Granted, this is a very subjective list that’s difficult to winnow down from the huge number of tasty books that are in the webBikeWorld library. Surely, arguments can be made for one or another book to replace a volume on this list and it’s just as certain that there are other books that could easily make a list of additional reading. But today, right here and now, that’s my list and I’m sticking to it.
Why these three in particular, you might ask? Well, Streetbikes: Everything You Need To Know is just that — Bill Stermer tackles an impossible task and does a bang-up job at it. As we said in that review, a new motorcycle owner could read the book and join a motorcycle discussion group and be pretty confident that no one would guess they’re a newbie.
Proficient Motorcycling is the “Bible” of safe riding practices and is required reading for every motorcyclist, new or experienced. Like several other motorcycle riding skills books, it should be read quite regularly and at least once per year.
But here’s where it gets interesting: I’m nominating the self-published and modestly named Motorcycle Handbook by John Hanney for the clean-up spot in this triumvirate because every motorcycle owner needs to have — or will have — an intimate relationship with his or her machine.
There’s just no getting around the fact that riding a motorcycle melds the rider and machine into a single tactile and sensory blending of flesh and metal. The hands touch, feel and grip the bars; the rider’s weight affects the movement and balance and the sounds and smells are unavoidably forced upon us.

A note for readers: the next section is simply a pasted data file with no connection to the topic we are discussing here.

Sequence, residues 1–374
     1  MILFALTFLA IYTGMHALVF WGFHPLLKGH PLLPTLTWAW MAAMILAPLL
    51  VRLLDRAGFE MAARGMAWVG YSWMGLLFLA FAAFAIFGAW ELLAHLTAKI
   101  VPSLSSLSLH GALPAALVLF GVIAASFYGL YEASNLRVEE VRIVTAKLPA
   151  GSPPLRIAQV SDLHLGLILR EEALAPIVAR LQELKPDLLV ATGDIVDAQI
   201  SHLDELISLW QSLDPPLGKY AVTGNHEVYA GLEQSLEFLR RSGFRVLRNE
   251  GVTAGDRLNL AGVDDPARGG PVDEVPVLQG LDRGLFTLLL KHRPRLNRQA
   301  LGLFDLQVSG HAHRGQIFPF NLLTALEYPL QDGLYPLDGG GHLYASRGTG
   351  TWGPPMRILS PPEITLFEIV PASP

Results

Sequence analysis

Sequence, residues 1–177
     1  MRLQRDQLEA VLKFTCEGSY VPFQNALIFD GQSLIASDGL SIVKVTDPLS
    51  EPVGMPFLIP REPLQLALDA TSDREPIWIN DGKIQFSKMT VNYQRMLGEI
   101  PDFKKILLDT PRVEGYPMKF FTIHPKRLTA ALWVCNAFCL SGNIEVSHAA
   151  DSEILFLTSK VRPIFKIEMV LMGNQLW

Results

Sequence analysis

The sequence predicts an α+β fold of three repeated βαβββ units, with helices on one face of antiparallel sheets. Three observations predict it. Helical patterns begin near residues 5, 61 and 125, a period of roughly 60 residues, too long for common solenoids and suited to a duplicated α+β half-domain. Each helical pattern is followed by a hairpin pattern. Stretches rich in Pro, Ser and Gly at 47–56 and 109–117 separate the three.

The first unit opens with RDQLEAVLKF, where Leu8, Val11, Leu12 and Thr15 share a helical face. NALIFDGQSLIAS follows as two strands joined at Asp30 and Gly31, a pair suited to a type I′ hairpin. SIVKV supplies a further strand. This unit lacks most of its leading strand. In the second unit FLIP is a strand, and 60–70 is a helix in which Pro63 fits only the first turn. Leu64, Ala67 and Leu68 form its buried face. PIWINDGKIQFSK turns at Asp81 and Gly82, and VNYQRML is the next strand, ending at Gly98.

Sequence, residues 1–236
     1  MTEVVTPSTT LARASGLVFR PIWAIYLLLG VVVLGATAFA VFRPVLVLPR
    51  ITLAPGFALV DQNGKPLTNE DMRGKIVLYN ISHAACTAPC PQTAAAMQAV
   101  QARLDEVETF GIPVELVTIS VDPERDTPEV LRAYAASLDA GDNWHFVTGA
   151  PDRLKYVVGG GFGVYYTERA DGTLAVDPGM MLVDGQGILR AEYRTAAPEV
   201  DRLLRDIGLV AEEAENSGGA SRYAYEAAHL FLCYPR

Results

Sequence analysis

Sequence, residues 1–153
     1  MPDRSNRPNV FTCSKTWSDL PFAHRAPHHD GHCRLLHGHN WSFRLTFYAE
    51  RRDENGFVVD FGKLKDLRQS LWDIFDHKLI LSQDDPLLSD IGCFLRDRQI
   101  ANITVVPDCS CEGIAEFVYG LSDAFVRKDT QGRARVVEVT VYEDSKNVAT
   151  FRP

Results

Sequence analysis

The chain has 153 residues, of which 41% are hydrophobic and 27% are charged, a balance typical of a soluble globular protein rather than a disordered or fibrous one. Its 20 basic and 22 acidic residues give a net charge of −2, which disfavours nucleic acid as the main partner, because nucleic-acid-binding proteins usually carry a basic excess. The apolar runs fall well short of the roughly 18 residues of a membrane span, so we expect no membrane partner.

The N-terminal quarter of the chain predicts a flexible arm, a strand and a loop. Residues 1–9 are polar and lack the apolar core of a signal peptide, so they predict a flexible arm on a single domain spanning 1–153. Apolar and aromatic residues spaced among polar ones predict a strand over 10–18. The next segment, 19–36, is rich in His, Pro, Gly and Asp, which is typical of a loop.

To be a successful and safe motorcycle rider the owner must have intimacy with and knowledge about the machine. The motorcycle must always be in perfect running order for the rider to remain safe and for the ride to be enjoyable.
OK, enough said — but how does one gain this knowledge? Wouldn’t it be nice to have a seasoned motorcycle mechanic as a mentor, who can impart their skills and experience whenever it’s needed? That’s exactly what this book does. It’s like rubbing the lamp and John Hanney the Genie appears from the vapor cloud to answer all of your questions.
The book is self-published and slightly crude, which gives it the exact charm that it needs. Although no single topic is covered in great depth, the breadth of information is amazing; 63 chapters covering everything from the Airbox and Filter to Workshop Repair Manuals, in alphabetical order.
Learn about wheel balancing, oil leaks, fork seals, tire repair and headlights to subjects like ergonomics, seats, selling your bike, street survival and even how to repair plastic (ABS) fairings.
Realistically there’s not much detail that can be covered on all of these topics in 122 pages, but for a new owner or for anyone who wants to gain a deeper knowledge and understanding of their machine, The Motorcycle Handbook is an excellent place to start.